During the 1930s, first and still rather vague correlations of a large bible opus in the German language were discovered. Since his name was mentioned in one of the manuscripts, the famous poet Heinrich von Mügeln was initially assumed to be the author. By now, this thesis has been disproved for chronological and textual reasons alike.
So for the time being, in the field of research the anonymous author of this comprehensive work is known as the Austrian Bible Translator. His name is derived from the assumed area of his activity, the medieval Duchy of Austria, situated on the border between the dioceses of Salzburg and Passau, where most of the manuscripts were found and where the anonymous did most of his work, translating large parts of the Holy Scripture into the German language.
Translations, Commentaries and Treatises in German Language
In addition to his translations of large parts of the Old and the New Testament during the first half of the 14th century, this Austrian Bible Translator also authored comprehensive Psalm Commentaries as well as other texts such as treatises against heretics and against Jews. He seemingly devoted all his work to the task of achieving a German-language Bible for the laity. His commentaries and interpretations are always directed at this audience.
The Bible Translator considers himself a layman. For the time being it cannot be ascertained whether he refers to the world’s laity, which is probably the case, or whether he refers to a lay brother in a particular monastery. His translations were not at all lay work though, but linguistically quite elaborate, testifying to a comprehensive knowledge and an excellent understanding of the Latin language.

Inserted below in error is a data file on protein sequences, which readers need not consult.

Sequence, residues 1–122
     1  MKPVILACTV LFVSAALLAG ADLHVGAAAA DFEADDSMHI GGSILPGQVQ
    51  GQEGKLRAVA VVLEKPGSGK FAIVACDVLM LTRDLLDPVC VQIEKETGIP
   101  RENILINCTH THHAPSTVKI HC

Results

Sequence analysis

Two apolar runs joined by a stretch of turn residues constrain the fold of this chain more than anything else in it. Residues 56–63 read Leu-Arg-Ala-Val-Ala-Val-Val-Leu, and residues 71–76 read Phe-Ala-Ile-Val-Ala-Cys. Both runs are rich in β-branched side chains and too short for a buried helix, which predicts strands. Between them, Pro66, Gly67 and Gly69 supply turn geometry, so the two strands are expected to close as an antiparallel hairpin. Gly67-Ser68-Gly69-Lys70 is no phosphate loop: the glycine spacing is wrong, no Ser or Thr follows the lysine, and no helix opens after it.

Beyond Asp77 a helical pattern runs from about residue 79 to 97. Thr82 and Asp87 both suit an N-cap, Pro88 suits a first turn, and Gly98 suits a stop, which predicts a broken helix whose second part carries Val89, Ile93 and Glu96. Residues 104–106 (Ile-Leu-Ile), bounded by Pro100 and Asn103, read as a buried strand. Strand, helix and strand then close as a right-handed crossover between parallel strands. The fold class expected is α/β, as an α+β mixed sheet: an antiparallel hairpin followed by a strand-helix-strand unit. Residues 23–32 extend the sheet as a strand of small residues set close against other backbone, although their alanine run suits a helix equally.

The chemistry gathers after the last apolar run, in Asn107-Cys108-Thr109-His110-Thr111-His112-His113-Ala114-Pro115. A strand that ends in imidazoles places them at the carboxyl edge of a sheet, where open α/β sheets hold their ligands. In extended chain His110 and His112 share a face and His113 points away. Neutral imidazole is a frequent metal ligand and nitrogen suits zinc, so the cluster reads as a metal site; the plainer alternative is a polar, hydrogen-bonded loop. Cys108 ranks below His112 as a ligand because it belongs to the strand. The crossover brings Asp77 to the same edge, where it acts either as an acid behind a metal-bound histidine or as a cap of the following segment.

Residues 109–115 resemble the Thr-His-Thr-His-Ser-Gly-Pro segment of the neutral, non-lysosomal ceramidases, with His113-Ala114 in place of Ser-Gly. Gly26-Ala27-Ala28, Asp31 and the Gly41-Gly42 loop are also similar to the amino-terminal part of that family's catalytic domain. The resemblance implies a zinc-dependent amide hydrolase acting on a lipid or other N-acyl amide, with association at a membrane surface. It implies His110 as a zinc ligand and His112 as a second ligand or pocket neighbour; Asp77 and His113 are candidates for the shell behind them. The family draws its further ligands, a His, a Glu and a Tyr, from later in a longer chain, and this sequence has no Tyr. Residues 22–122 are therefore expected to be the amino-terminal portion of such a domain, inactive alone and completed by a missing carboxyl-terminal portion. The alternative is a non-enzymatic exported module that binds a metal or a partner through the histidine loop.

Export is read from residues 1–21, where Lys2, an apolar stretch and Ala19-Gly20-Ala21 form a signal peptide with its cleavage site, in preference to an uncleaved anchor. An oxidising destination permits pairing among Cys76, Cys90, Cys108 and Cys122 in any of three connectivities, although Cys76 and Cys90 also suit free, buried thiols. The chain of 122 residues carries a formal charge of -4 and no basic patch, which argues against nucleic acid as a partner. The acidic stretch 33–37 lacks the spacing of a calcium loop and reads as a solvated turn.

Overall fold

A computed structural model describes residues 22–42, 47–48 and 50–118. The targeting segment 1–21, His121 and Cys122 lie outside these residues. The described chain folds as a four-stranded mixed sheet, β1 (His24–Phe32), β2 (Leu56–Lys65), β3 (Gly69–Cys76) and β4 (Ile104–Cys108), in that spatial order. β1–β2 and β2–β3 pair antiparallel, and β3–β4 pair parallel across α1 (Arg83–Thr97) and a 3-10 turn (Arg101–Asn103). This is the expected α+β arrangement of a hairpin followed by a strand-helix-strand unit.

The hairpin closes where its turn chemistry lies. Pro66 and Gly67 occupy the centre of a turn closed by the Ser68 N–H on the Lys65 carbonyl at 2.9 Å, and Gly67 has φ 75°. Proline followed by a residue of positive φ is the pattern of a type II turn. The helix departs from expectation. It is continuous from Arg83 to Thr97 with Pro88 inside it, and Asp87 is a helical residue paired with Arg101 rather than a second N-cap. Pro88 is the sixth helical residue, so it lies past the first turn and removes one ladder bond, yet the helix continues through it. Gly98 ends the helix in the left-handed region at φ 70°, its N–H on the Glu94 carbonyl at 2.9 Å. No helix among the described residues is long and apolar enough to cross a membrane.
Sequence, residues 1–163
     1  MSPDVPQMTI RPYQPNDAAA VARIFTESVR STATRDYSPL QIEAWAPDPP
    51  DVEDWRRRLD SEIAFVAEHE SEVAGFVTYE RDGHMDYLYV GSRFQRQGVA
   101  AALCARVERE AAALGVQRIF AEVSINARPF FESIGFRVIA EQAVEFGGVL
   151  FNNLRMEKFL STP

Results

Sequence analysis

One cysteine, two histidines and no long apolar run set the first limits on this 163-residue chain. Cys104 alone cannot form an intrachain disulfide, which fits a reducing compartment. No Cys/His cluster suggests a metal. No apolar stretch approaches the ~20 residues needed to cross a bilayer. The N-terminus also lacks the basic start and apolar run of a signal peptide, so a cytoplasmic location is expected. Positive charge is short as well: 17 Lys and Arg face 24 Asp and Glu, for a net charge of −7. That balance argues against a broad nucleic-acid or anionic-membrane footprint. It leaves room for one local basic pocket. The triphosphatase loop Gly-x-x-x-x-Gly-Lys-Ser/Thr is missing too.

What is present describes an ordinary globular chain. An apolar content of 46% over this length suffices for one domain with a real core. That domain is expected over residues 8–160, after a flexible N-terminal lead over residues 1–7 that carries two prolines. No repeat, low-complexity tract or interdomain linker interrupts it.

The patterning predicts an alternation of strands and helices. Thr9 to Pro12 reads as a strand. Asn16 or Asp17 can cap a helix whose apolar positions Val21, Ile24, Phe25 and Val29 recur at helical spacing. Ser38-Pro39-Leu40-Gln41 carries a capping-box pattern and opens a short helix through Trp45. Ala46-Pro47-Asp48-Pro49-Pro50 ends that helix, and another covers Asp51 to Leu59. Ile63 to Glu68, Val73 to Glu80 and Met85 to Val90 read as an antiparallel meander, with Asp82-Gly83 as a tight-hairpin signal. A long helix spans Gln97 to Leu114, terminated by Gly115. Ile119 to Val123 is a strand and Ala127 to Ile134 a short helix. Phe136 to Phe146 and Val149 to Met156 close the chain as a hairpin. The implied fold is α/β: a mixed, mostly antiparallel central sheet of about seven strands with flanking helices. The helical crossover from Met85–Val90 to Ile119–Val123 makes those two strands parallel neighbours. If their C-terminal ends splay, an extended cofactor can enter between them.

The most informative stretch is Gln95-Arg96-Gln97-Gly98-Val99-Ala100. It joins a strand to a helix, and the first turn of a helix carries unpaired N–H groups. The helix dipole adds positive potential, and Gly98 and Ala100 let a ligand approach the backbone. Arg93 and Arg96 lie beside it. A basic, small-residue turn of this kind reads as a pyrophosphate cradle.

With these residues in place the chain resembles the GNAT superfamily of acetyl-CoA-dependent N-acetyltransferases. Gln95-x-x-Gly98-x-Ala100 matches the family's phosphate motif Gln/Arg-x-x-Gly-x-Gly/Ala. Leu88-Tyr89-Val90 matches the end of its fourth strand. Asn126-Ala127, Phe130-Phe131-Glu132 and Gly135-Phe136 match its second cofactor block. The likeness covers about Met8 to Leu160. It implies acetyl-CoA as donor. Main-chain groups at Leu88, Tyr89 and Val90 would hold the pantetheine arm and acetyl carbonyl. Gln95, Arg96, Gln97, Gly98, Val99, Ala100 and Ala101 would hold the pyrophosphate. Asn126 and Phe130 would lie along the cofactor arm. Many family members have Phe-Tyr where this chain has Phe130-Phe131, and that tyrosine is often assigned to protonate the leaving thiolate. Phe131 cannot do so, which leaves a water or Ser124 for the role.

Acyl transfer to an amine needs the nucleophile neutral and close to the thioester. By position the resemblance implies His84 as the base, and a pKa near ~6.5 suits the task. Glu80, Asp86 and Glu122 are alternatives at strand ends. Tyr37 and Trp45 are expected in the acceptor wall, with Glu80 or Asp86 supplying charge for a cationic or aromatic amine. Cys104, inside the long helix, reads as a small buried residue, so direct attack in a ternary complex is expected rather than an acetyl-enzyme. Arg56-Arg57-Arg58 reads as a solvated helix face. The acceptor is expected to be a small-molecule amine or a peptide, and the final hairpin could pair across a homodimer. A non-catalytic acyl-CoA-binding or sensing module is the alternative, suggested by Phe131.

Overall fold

The author’s layman status also exposed his translation of the Holy Scripture to vehement hostilities, which he confidently stood up to, especially in the prefaces to his Old Testament Work and in individual biblical books. In these prefaces, for example in his preamble to the Psalm Commentaries, he even explicitly promotes the translation of the Holy Scripture into the German language, in order to make it more easily available for the faithful.
Still, the bible translator not only emphasizes the importance of a translation, he also points out the need of providing the texts selected for laypersons with an interpretation (bedeutnus), an accompanying glossary explaining and annotating the text. In doing so, the Anonymous relies on being inspired by the Holy Spirit but also on the support and advice of well educated people (wol gelerter leut hilf und rat). Besides the popular Glossa ordinaria, medieval standard reference for the exegesis and commentaries on the biblical story, he also consults the contemporary Latin postil on the Psalms by Franciscan Nikolaus von Lyra while it was still being written.
References to Powerful and Affluent Benefactors
As of today there is still little known about the Anonymous industriously translating the books of the Bible, but there is quite some evidence that he had wealthy and powerful benefactors. Among the Gospel Work manuscripts there are quite splendid and precious ones, their rich decor implying influential and affluent clients. Yet the importance of his work for understanding pre-Reformation, German-language Bible translations has been recognized. These findings as well as numerous indications of the Austrian Bible Translator’s influence on the literary history of Austria, Bavaria and the Central German area as well as on the entire Late Middle Ages in this region, encourage further research.